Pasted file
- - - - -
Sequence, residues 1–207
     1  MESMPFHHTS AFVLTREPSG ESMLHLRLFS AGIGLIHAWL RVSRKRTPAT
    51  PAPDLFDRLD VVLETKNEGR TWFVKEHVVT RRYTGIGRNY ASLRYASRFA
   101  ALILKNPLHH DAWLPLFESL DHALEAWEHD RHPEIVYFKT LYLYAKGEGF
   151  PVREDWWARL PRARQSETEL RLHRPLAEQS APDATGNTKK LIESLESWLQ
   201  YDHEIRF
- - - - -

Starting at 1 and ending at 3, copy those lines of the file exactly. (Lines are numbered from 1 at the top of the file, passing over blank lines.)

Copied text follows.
Sequence, residues 1–207
     1  MESMPFHHTS AFVLTREPSG ESMLHLRLFS AGIGLIHAWL RVSRKRTPAT
    51  PAPDLFDRLD VVLETKNEGR TWFVKEHVVT RRYTGIGRNY ASLRYASRFA